Work on Dounreay's Shaft to be sped up

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Shaft raised working platform
Image caption,
A massive bunker-like structure was constructed over The Shaft

Plans to deal with one of the most controversial areas of the Dounreay nuclear site are to be accelerated.

Sunk in the 1950s close to the shores of the Pentland Firth, The Shaft plunges 65.4m (214.5ft) below ground.

It has been the subject of local legend, including the claim that one worker dropped his mother-in-law's ashes inside.

Radioactive waste was disposed there from 1959 to 1977, when an explosion ended the practice.

The new executive team at the nuclear complex in Caithness said work on the clean-up would be accelerated.

Swimming pool

In a presentation to staff and sub-contractors, it said there would be a "renewed emphasis" on The Shaft and another area called The Silo - which has been described as being like a swimming pool with a concrete roof.

It was also used for dumping radioactive material from experiments at Dounreay.

The executive team said there would be a prompt start on the design of new facilities to deal with waste from both sites, and that the proposals would reach the planning stage quickly.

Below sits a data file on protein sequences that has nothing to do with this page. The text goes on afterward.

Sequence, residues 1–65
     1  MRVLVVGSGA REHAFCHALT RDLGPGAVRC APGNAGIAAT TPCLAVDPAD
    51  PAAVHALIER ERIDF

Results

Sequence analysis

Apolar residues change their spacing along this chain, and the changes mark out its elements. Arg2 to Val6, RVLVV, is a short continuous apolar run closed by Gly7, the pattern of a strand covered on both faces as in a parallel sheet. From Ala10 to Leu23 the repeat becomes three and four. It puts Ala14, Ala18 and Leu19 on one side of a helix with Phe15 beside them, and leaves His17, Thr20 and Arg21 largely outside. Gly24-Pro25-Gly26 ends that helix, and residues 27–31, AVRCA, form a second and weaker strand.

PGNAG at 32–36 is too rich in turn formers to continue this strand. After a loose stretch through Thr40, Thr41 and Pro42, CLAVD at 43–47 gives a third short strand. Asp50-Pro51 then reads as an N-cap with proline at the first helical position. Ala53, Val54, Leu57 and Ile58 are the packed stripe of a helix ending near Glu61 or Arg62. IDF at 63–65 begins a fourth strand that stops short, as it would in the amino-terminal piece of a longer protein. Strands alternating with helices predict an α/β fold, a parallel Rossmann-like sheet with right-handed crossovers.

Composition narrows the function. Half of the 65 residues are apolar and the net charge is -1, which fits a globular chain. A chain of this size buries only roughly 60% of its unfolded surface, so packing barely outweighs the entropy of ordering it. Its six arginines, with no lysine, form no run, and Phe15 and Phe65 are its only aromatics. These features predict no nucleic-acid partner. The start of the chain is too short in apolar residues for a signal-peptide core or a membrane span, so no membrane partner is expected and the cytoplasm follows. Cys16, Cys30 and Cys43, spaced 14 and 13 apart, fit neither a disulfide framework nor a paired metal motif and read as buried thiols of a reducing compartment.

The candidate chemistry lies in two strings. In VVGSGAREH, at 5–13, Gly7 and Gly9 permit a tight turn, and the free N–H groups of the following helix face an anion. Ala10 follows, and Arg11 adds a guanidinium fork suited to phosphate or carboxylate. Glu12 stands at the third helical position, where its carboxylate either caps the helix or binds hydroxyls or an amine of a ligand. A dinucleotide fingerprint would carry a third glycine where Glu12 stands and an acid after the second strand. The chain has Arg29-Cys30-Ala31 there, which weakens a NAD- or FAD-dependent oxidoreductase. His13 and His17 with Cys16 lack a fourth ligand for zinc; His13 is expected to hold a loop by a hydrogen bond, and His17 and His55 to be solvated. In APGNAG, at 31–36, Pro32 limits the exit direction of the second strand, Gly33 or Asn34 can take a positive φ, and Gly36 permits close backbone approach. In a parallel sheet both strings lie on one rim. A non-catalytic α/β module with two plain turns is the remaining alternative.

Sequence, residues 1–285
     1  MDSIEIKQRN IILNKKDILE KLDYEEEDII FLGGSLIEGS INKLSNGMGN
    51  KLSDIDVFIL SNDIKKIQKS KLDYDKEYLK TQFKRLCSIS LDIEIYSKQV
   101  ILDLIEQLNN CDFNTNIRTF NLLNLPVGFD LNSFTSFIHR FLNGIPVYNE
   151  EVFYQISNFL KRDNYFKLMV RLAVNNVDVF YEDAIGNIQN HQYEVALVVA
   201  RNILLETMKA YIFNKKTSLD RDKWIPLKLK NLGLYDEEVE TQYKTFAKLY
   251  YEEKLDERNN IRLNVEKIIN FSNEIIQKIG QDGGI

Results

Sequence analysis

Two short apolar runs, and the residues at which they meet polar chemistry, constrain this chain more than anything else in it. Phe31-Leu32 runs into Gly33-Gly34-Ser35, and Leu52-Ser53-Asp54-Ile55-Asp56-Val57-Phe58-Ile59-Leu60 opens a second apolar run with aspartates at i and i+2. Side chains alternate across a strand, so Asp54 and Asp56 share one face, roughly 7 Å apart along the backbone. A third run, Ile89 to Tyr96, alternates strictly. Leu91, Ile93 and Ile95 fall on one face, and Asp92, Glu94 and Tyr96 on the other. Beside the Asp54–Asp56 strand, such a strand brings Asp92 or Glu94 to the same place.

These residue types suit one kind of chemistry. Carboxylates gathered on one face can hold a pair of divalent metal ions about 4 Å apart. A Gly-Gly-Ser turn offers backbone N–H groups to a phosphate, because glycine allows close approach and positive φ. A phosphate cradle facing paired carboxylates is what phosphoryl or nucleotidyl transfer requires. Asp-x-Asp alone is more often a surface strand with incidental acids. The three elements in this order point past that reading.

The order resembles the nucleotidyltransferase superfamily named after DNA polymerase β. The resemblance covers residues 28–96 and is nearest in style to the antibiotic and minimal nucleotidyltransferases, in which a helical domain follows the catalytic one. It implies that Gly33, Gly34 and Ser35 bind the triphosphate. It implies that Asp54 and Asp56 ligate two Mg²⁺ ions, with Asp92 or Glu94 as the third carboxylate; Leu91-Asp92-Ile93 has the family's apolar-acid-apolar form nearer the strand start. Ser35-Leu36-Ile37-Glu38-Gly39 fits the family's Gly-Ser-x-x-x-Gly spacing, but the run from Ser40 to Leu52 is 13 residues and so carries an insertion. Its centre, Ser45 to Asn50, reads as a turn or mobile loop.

Babcock Dounreay Partnership, a consortium of UK and US companies, took over Dounreay Site Restoration Limited (DSRL) from the UKAEA in April.

In recent developments, a structure which looks like a massive concrete bunker has been built over the top of The Shaft.

Engineers are trying to create a barrier around it to stop water seeping inside through minute fissures in the surrounding rock.

Boreholes sunk

Technology usually used to protect road tunnels in Scandinavia has been applied to the project.

About 200 boreholes have been sunk to a depth of 80m (262ft), before injecting a fine grout at high pressure into the holes.

In 2009, it was estimated that it would be 25 years before The Shaft would finally give up all its secrets.

However, Babcock Dounreay Partnership is aiming to have Dounreay cleaned up, its original buildings demolished and the site closed by 2023.

The colourful myths which surround The Shaft include claims that a former worker dropped his mother-in-law's ashes inside to comply with her wish to be scattered somewhere unusual.

An unwanted car was also said to have been disposed of at the facility, which is 4.6m (15ft) wide in places.

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